Thursday, September 01, 2005

Our laughter

The good news: I'm not sweating. For the first time in what feels like a decade, I'm clean and dry. The bad news: I'm biting on a rag, clenching my jaw like a fist while my mother digs a huge shard of glass out of the bottom of my right foot.

It happened after I trekked home from Glenda's house. I made the waaaaaaay stupid mistake of walking around my parent's yard without any shoes. I hopped off of the deck in the back and landed on what feels like a seven inch glass dagger. Once again, I hobbled into the front room, whimpering like a lost puppy, shouting for my mother to come and rescue me. Again. It's like a damn daily event.

Anyway, Mom has a set of tweezers in one hand and a pair of pliers in the other. She literally pulls open the wound with the pliers and tries to get a grip on the glass with the tweezers. She's able to pull it out a couple of millimeters before the ancient lizard part of my brain gives into the searing pain and I pull away from her, gulping in a lung full of air, wiping back the tears.

The air is cool. The rag I've been chewing is cold against my teeth. Mom swears she's being as gentle as possible and slowly pulls my foot back into the light of a Coleman. Just as she starts to get another grip on the hunk of glass, I see something buzzing over the horizon. Something black and oddly angled, like a ceramic dragonfly. It gets joined by three other dark objects that drift quickly in its wake. Mom starts to draw out the glass. The objects edge closer. I'm holding my breath again. Vision going white as the pain creeps up behind my eyes. And then I'm able to see the deep green underbelly of the lead helicopter followed by the deep black military units in formation around it. Somewhere, I feel the pain weeping out of my foot. Just over the trees, has to be near the middle school where I've been picking up relief, the helicopters dip down lower and begin to circle. It's almost like a resounding, sickening pop as the glass comes out. The world goes gray.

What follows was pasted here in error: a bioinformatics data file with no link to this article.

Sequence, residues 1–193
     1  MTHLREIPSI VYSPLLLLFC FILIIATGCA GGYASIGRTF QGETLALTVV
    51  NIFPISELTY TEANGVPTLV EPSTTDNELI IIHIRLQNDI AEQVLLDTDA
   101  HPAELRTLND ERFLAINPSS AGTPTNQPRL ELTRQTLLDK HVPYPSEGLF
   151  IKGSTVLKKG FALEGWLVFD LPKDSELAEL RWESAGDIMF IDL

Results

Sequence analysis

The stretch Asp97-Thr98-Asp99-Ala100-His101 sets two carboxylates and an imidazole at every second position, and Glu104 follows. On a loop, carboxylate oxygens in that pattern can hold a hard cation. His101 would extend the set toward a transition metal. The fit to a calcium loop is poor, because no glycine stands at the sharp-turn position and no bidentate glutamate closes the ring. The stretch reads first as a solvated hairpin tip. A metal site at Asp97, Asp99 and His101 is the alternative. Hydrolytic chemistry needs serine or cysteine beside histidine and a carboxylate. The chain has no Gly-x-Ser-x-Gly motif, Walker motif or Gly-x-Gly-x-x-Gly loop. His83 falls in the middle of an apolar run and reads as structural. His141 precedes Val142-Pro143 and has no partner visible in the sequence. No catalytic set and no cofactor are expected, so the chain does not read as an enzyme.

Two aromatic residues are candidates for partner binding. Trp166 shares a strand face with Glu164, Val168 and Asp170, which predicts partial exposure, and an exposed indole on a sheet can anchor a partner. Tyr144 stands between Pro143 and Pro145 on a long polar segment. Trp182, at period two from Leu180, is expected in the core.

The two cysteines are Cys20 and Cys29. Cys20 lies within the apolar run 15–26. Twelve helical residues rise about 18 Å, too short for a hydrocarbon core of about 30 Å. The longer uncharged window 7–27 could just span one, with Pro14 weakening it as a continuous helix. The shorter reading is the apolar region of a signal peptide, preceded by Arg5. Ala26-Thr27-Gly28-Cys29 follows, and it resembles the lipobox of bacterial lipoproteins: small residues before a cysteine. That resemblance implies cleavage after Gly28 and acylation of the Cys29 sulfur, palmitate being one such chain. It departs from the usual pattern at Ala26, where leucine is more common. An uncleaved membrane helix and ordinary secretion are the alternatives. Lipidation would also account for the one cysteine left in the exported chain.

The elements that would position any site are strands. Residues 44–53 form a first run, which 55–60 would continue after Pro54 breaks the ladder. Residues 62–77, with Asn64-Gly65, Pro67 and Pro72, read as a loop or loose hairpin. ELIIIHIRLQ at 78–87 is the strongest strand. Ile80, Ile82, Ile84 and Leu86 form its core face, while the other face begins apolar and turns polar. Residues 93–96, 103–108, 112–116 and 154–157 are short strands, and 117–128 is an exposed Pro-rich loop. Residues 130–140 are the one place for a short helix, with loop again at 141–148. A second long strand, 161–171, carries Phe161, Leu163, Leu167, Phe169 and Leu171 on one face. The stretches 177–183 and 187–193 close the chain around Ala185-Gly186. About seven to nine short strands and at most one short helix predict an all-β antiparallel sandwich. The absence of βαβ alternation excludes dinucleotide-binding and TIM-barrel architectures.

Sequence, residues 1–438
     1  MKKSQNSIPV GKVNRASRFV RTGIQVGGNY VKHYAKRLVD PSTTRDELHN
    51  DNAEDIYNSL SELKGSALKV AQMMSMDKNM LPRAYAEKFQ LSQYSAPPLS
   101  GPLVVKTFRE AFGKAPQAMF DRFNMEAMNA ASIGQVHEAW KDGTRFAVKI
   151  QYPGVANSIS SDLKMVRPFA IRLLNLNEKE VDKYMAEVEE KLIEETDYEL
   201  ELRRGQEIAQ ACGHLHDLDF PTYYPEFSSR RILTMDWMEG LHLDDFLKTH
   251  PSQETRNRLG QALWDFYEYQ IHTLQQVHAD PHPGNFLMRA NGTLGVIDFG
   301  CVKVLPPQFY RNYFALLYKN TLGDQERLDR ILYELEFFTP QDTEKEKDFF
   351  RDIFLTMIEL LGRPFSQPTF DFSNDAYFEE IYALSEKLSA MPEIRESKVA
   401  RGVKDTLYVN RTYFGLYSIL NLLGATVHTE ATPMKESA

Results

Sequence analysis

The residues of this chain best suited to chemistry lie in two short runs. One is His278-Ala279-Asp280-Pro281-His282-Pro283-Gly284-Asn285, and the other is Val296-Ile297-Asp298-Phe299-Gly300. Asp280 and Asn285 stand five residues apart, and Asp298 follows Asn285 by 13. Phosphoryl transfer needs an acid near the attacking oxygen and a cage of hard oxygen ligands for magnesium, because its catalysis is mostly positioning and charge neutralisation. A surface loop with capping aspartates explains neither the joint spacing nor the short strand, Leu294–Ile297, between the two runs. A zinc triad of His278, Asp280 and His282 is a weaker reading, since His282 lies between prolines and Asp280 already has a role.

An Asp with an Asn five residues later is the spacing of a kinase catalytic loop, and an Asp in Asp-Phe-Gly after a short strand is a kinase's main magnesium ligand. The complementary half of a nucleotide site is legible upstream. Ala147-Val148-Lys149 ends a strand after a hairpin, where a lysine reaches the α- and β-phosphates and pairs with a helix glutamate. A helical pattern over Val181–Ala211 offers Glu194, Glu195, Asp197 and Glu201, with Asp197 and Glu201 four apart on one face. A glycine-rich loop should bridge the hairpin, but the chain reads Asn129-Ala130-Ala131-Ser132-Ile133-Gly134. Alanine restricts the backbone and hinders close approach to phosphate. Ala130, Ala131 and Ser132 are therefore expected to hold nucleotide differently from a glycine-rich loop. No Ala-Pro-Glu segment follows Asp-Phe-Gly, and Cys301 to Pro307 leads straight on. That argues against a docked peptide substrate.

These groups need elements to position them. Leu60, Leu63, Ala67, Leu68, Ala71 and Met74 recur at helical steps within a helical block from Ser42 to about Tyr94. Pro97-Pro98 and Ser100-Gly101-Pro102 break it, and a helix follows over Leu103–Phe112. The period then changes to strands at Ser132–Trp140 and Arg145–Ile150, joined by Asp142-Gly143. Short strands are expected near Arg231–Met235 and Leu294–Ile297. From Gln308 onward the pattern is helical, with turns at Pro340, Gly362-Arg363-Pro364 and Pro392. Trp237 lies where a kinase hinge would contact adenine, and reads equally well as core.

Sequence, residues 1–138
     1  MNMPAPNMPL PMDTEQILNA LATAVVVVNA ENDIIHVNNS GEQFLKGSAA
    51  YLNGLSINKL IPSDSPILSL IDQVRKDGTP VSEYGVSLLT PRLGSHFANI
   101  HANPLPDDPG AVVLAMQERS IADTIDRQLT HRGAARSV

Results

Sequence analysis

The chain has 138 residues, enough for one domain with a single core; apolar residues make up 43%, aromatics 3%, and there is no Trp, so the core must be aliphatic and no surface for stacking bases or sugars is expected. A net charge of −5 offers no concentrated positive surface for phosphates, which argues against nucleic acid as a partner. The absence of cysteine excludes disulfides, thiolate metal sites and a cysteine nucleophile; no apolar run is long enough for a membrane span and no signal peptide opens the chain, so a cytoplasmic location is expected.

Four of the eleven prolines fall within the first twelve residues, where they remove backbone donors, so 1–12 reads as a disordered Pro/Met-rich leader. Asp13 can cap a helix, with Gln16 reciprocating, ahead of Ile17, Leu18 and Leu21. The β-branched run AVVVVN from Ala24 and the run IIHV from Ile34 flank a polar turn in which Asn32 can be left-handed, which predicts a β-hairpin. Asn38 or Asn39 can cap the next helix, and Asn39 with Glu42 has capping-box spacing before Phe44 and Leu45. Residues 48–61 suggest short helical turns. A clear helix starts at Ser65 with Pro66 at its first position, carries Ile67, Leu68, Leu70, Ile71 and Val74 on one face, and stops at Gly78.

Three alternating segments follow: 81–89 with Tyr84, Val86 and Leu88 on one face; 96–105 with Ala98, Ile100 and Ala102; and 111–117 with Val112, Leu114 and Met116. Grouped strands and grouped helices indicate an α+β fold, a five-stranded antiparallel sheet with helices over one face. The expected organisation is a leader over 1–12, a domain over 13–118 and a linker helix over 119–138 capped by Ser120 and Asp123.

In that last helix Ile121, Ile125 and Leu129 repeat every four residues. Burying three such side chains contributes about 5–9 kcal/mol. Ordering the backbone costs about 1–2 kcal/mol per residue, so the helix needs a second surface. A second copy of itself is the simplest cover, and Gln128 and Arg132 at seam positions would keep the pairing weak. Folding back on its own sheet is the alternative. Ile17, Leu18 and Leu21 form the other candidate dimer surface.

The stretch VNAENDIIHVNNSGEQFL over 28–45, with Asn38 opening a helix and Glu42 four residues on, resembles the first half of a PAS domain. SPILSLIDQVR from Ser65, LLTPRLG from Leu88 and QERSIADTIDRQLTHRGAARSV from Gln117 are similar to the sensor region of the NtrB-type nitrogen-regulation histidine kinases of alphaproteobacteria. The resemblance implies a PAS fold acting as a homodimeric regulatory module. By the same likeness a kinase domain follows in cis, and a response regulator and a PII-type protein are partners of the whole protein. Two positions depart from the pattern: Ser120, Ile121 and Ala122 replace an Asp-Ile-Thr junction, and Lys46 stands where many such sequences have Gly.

I come out of it as Mom yells for my father to come see what is happening over by the school. Then she starts taping up my wound. But the helicopters have spun up and out of site before The Old Man comes calling. He admires Mom's handiwork and eyeballs the hunk of agony she dislodged.

Now, he says, you won't have any excuses, tomorrow.

The hum of rotor blades dies out long before our laughter.

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